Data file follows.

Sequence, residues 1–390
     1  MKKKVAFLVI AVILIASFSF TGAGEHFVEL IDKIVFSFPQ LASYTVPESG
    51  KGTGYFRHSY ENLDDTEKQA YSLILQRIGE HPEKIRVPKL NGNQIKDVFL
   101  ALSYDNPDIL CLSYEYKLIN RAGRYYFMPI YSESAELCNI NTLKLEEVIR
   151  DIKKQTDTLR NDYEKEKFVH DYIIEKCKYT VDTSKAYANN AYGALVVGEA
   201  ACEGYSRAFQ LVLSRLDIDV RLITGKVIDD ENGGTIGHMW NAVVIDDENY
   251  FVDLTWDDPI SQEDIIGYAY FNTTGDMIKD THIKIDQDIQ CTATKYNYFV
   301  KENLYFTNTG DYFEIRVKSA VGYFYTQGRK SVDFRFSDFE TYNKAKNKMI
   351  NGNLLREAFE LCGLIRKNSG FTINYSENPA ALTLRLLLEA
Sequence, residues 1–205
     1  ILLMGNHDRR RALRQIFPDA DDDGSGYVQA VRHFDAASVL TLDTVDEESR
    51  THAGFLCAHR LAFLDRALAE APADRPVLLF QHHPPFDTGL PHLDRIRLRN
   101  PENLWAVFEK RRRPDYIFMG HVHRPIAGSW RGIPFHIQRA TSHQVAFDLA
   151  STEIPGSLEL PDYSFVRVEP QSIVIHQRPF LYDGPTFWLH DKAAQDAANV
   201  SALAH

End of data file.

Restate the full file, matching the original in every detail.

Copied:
Sequence, residues 1–390
     1  MKKKVAFLVI AVILIASFSF TGAGEHFVEL IDKIVFSFPQ LASYTVPESG
    51  KGTGYFRHSY ENLDDTEKQA YSLILQRIGE HPEKIRVPKL NGNQIKDVFL
   101  ALSYDNPDIL CLSYEYKLIN RAGRYYFMPI YSESAELCNI NTLKLEEVIR
   151  DIKKQTDTLR NDYEKEKFVH DYIIEKCKYT VDTSKAYANN AYGALVVGEA
   201  ACEGYSRAFQ LVLSRLDIDV RLITGKVIDD ENGGTIGHMW NAVVIDDENY
   251  FVDLTWDDPI SQEDIIGYAY FNTTGDMIKD THIKIDQDIQ CTATKYNYFV
   301  KENLYFTNTG DYFEIRVKSA VGYFYTQGRK SVDFRFSDFE TYNKAKNKMI
   351  NGNLLREAFE LCGLIRKNSG FTINYSENPA ALTLRLLLEA
Sequence, residues 1–205
     1  ILLMGNHDRR RALRQIFPDA DDDGSGYVQA VRHFDAASVL TLDTVDEESR
    51  THAGFLCAHR LAFLDRALAE APADRPVLLF QHHPPFDTGL PHLDRIRLRN
   101  PENLWAVFEK RRRPDYIFMG HVHRPIAGSW RGIPFHIQRA TSHQVAFDLA
   151  STEIPGSLEL PDYSFVRVEP QSIVIHQRPF LYDGPTFWLH DKAAQDAANV
   201  SALAH